Thesecivil groups are The American Civil Liberties Union (ACLU), FrontierFoundation, Freedom works and reddt among others. The interest groupshave consistently requested the Congress to institute investigatorycommittees and legal reforms against domestic spying and other formof illegal surveillance. The groups have written severally to theCongress, as well as, launching advocacy programs such as‘StopWatching.Us.’ All this, is done in effort to press thegovernment account for domestic spying and massive data collectedthrough increased biometric video tapping. The Civil Groups have alsobeen vocal in pressing the Congress to reform the FISA Amendment Actand the unconstitutional law that allows the government to engage inmassive surveillance.
Possiblegovernmental solutions being discussed to address this issue
Oneaspect that has been repeated several times both by the public,interest groups, Civil Liberty unions and the Court rulings is thatunwarranted surveillance and massive collection of private data isunconstitutional. On two occasions, the Supreme Court and the CircuitCourt has ruled that increased unwarranted domestic surveillanceconstitute infringement and undermining the basis of civil libertiesas enshrined in the United States constitution. Recent developmentindicates that making amendment on FISA program is akin toundermining the President authority that granted him power to formNSA (Lichtblauand Risen8).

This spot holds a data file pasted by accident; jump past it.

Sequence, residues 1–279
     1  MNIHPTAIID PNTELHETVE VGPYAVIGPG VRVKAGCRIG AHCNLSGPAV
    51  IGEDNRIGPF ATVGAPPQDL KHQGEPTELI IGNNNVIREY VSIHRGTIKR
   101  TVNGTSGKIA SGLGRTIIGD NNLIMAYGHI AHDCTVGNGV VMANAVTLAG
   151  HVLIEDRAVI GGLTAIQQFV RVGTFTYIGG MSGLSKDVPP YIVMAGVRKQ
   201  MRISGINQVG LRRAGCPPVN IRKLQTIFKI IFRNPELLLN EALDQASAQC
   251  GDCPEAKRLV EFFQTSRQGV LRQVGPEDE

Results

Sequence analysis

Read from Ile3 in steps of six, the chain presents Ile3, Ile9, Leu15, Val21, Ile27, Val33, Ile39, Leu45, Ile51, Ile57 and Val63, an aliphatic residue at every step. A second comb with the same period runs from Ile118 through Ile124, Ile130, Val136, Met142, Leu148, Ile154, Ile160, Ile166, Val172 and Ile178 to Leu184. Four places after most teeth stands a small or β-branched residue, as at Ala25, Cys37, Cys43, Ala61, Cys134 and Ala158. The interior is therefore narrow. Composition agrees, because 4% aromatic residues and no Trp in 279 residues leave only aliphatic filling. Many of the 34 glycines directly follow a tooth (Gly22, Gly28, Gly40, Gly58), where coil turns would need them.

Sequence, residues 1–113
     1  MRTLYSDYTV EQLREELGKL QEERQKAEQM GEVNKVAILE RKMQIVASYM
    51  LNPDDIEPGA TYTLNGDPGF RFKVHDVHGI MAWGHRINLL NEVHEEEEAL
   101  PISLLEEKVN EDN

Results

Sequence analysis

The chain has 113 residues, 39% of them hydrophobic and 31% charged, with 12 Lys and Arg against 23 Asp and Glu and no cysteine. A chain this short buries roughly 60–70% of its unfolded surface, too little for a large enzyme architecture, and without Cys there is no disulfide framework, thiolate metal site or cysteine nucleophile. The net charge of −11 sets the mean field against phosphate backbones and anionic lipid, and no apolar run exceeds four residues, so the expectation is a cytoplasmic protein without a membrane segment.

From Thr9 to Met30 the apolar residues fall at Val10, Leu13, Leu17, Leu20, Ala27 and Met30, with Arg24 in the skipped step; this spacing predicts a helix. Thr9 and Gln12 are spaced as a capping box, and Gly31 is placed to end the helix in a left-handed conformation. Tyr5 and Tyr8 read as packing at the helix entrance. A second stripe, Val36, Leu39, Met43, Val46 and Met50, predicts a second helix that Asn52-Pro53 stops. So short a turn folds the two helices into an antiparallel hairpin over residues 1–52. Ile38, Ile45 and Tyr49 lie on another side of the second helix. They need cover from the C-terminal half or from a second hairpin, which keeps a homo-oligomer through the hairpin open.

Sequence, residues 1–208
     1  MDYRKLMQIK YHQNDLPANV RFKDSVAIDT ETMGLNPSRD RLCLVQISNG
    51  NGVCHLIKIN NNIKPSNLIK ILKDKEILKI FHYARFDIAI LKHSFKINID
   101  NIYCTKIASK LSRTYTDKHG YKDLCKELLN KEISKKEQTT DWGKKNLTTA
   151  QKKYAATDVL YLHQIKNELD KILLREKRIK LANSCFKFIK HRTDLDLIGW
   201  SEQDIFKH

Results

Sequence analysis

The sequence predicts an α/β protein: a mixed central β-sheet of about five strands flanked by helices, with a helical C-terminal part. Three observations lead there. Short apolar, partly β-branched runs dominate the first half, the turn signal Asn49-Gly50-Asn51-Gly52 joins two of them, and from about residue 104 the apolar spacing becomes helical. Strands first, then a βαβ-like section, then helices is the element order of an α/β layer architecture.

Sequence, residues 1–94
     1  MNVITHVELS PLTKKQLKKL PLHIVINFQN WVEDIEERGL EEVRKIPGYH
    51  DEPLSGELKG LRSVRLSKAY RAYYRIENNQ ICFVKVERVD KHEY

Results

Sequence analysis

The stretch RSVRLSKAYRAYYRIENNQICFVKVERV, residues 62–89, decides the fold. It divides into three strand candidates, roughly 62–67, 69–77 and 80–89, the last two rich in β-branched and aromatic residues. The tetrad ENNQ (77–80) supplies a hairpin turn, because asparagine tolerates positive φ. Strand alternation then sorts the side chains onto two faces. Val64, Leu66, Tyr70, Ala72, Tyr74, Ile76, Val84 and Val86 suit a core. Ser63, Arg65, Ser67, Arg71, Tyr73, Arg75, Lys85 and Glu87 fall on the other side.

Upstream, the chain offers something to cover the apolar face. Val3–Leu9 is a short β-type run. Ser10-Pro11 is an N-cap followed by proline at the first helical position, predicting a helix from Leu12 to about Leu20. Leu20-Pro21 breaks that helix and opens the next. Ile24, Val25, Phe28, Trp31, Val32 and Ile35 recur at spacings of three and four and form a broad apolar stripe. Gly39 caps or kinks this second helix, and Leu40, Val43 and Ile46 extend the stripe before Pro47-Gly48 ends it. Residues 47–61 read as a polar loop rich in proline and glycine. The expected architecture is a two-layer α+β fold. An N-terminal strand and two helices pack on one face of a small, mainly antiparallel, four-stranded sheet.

Ina report published by Privacyand Civil Liberties Oversight Board in 2014, the board roots for abalance between liberty and security. The government should safeguardthe national interest as well as upholding individual freedoms. Thecommission suggested that the government follow the constitutionalmethod of seeking court warrants any time the government wants to tapcommunication systems of suspected individuals in this way thegovernment would protect civilian liberties and pursue matters ofnational interests. Another, strategy discussed is that, the NSAwhile collecting calling records data should only be limited to thebasic ‘metadata’ rather than the content of the communication andthis would help in avoiding gross infringement on private life.